One minute of dodging the packs of mopeds in Syndagma will prove that Athens refuses to become a museum. The city's past and present coexist in a strange yet beautiful harmony. Ancient ruins sit quietly amid the hectic modern streets as quiet testaments to its rich history, and the Acropolis looms larger than life over the city, a perpetual reminder of ancient glory. Hellenistic monuments and Byzantine churches recall an era of foreign invaders, when Athens was ruled from Macedonia , Rome , and Constantinople . The reborn democracy of the past two centuries has revived the city in a wave of madcap construction: the conflicted, oddly adolescent metropolis has gutted its crumbling medieval mansions to become a dense concrete jungle.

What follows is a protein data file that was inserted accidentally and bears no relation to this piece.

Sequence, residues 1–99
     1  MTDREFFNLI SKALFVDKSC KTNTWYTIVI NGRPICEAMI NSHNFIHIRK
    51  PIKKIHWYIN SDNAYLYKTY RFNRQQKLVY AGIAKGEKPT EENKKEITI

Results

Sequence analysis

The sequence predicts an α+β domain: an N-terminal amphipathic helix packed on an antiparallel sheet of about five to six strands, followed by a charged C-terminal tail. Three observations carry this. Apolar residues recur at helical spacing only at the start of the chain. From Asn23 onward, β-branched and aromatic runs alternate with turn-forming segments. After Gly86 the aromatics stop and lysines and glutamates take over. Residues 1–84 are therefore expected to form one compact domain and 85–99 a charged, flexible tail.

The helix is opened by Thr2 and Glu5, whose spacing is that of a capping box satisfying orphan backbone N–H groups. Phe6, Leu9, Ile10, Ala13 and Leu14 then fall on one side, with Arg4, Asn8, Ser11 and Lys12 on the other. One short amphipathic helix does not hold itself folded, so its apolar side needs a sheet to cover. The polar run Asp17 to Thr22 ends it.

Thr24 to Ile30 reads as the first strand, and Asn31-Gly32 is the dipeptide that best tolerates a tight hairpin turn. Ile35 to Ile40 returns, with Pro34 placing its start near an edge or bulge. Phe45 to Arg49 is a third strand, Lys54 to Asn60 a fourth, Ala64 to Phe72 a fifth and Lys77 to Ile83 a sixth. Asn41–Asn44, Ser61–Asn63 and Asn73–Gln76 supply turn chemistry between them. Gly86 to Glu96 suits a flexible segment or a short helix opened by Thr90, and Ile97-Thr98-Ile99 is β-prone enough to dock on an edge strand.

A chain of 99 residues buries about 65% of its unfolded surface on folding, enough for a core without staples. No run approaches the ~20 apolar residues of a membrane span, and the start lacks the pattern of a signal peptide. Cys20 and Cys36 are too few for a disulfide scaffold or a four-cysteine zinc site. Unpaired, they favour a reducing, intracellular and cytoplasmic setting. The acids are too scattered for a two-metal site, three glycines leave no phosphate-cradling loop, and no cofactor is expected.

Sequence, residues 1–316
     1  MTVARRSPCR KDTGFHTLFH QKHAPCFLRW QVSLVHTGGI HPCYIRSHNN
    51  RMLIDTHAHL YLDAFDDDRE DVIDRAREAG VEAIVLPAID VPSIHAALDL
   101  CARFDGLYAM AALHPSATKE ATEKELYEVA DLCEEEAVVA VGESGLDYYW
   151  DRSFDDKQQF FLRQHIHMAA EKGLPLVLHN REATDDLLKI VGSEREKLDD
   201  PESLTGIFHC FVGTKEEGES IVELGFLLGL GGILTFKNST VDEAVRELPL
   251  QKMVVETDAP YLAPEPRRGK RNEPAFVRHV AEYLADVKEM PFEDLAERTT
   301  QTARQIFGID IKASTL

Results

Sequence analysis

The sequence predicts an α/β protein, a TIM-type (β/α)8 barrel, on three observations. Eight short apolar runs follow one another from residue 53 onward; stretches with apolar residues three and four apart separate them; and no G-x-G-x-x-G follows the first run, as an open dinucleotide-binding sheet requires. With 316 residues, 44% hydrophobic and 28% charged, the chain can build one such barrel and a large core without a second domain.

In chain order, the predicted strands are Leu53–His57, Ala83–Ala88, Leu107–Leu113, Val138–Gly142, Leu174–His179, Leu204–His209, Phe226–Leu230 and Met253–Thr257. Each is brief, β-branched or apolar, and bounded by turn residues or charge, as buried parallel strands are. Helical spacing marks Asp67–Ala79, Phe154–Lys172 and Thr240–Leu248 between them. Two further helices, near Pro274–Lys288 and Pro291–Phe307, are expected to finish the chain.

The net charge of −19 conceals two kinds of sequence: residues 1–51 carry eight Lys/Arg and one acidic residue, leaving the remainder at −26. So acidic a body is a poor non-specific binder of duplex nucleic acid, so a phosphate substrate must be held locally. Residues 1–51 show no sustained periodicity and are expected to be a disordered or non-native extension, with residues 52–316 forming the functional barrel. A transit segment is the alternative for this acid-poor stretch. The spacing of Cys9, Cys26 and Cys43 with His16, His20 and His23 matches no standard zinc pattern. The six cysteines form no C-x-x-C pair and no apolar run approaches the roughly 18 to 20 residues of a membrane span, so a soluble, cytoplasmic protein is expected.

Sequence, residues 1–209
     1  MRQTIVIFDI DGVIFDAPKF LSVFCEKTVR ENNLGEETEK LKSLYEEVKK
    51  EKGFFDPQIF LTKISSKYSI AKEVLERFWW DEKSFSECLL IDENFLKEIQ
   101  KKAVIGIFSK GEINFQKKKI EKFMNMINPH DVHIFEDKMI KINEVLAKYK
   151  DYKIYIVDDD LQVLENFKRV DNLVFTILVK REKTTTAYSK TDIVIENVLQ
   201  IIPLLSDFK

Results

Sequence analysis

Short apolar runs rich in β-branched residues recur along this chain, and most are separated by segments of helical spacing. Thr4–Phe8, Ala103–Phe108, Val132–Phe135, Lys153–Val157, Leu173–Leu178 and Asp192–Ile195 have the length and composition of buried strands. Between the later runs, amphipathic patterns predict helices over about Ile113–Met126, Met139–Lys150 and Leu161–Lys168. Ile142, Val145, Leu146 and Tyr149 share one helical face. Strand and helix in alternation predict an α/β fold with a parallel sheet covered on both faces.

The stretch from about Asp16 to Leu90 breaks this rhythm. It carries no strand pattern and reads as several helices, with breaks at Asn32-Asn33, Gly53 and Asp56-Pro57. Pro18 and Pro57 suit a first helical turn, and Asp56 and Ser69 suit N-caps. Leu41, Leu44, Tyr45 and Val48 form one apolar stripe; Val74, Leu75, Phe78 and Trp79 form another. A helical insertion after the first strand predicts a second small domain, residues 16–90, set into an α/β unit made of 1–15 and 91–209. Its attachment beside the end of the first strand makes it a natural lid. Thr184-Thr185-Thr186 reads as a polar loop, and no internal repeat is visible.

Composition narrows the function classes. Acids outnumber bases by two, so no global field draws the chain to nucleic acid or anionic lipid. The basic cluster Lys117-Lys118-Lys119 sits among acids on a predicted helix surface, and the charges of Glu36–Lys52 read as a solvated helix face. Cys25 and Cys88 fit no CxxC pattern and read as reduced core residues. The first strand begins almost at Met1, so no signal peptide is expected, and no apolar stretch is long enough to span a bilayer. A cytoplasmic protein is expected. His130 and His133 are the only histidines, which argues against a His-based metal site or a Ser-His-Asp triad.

Countless vantage points from Athens 's seven hills look out over this sprawling work of centuries: Lycavittos, the Acropolis, Pnyx, Strefi, Philloppapou, Hymettus and the Hill of the Nymphs. Crowded, noisy, and totally alive.
In the past 100 years, the city's population has exploded from a count of 169 families to almost half of Greece 's 10.5 million residents. The preparations for the 2004 Olympic Games have sparked another urban renewal, as the transit authority fights the sinister nefos (smog) by banning cars from historic Plaka, limiting driver access downtown, and building a new mass transit subway.